The concept of “empty calories” in food can also be applied to observability data sent to Splunk, which refers to log data that takes up storage and processing power but does not provide actual value to the health of a business. While Splunk is a leading provider of observability experiences in the industry, its comprehensive features put tremendous pressure on capacity and budget, and its customers aim to maximize their investment by getting the most valuable and diverse set of data into Splunk for analysis. However, the presence of “empty calories” in log data often forces trade-offs between costs, flexibility, and visibility.
Reducing the volume of less valuable data can dramatically improve Splunk utilization and reduce operational expenses. Using an observability pipeline like Cribl Stream can help administrators reduce less valuable data by following five simple steps: filtering out duplicate and extraneous events, routing raw, unfiltered data to an observability data lake for later recall, trimming unneeded content/fields from events, condensing logs into metrics, and decreasing operational expenses.
Filtering out extraneous data that is not contributing to insights is the easiest option to get the most out of a Splunk investment. Administrators can employ a simple filter expression to reduce the unneeded data destined for Splunk in the first place. This filtering can be configured based on meta-information, such as hostname, source, source type, or log level, or by content extracted from the events or both.
Dropping, sampling, dynamic sampling, and suppression are different filtering options that administrators can use to reduce the number of events sent to Splunk. Dropping involves discarding or routing 100% of this type of data to a cheaper destination, while sampling sends only one out of a defined sample set of many similar events to Splunk. Dynamic sampling sends low-volume data of this type to Splunk, but as volume increases, sampling begins, and suppression limits the number of copies of this type of data delivered in a specified time period. By reducing the number of events sent to Splunk, filtering out “empty calories” creates space in Splunk for a greater diversity of sources, leading to more accurate analysis and better business value.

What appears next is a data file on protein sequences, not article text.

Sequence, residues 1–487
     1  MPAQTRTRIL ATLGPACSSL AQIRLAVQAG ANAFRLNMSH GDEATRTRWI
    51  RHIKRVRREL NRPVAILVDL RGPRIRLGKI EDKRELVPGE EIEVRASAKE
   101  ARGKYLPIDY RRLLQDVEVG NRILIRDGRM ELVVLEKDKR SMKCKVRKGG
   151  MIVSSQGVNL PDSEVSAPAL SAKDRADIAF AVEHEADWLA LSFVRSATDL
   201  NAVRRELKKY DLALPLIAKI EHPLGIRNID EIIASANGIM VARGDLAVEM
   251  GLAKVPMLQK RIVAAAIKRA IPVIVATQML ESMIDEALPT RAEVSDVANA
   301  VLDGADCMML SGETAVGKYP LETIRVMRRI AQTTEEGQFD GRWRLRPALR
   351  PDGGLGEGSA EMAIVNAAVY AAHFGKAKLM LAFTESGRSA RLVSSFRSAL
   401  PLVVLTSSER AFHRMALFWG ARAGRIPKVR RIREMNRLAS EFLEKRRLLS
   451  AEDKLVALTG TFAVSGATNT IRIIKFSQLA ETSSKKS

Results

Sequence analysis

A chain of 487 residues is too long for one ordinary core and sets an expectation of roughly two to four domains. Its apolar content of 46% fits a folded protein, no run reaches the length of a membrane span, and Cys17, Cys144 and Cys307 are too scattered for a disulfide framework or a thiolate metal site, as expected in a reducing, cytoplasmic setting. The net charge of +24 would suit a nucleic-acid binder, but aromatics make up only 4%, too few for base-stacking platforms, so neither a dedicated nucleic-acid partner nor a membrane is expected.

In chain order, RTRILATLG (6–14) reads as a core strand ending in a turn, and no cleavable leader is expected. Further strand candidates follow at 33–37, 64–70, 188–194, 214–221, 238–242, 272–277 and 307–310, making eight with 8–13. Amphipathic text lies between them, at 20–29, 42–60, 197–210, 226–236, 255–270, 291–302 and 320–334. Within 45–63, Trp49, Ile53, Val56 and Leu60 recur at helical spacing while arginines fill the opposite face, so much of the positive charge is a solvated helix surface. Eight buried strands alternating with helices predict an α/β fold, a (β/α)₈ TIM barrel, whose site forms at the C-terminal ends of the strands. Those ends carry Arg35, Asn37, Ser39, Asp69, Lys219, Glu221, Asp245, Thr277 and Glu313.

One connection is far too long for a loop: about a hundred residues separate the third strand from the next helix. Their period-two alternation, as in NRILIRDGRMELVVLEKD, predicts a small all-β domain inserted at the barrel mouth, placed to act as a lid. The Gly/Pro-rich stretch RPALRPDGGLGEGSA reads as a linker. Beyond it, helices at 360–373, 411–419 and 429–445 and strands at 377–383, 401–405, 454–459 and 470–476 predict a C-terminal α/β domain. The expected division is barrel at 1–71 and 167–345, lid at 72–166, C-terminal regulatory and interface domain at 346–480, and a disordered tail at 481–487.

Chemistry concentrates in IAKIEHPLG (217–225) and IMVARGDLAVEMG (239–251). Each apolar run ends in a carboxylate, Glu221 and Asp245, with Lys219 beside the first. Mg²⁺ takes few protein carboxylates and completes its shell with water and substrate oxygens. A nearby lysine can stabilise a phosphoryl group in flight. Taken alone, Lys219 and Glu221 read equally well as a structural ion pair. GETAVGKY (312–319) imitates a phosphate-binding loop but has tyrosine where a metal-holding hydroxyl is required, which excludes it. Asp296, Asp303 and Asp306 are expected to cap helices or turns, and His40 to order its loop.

Indexed data takes approximately four times more space to store than raw machine data. Hence, sending data to Splunk means it takes 12 times more resources to store it there compared to inexpensive object-based storage of raw, unprocessed data, making “empty calories” especially costly. Therefore, an observability strategy that includes an observability data lake and an observability pipeline with the capability to replay data from that raw data object storage is vital. Using Cribl Stream, administrators can “multi-cast” data from any source to multiple destinations, allowing pre-processed data to be routed and stored in less expensive object storage.
Using Cribl Stream can help administrators reduce the volume of “empty calories” in observability data sent to Splunk and maximize the return on their investment in Splunk infrastructure. By filtering out extraneous data that is not contributing to insights, routing raw, unfiltered data to an observability data lake for later recall, trimming unneeded content/fields from events, condensing logs into metrics, and decreasing operational expenses, administrators can improve Splunk utilization and reduce costs.